Paul Lachine

La dette publique menace la reprise

PALO ALTO – L'économie américaine et l'économie mondiale se redressent, mais de graves questions restent en suspens quant à la vigueur et à l'avenir de la reprise. Au-delà des préoccupations liées au cycle des affaires, un grand nombre de facteurs politiques menacent la croissance - notamment le protectionnisme, les tensions sur les devises, les stratégies de sortie des plans de relance monétaires et budgétaires et l'explosion de la dette publique.

Après une forte récession la reprise est généralement forte ; l'économie américaine a redémarré après les deux grosses récessions de l'après-guerre avec un taux de croissance réel supérieur à 6% par an durant trois ans. Mais aujourd'hui personne ne prévoit une croissance aussi forte, car après une crise financière la reprise est habituellement lente et difficile.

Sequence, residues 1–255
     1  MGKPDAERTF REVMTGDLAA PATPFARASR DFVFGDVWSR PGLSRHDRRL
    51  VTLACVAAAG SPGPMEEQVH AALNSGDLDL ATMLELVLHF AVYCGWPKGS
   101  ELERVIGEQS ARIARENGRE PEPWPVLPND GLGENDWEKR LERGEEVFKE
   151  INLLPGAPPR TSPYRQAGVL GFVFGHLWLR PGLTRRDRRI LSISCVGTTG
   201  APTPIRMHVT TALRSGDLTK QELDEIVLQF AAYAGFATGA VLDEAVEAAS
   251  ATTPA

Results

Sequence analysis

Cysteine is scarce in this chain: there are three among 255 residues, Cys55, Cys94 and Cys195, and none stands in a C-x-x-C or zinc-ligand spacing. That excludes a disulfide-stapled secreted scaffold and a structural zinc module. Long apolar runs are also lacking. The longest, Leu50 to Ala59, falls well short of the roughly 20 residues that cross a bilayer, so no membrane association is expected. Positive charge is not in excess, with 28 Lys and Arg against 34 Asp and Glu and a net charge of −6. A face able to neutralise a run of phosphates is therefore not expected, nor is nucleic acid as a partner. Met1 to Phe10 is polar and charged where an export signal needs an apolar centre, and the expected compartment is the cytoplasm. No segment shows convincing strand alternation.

Pour justifier l'intervention massive de l’Etat, les hommes politiques comparent la récession actuelle à la Grande dépression des années 1930. Mais il faut se souvenir de la véritable dimension de cette crise. Entre 1929 et 1933, le PIB des USA a chuté de 30% et le taux de chômage n'était pas loin de 25%, quant à la dépression elle-même, elle a duré plus de 10 ans. Autrement dit c'était une crise beaucoup plus grave que celle d'aujourd'hui et plus grave que celle, bien plus sévère, que l'intervention a permis d'éviter.

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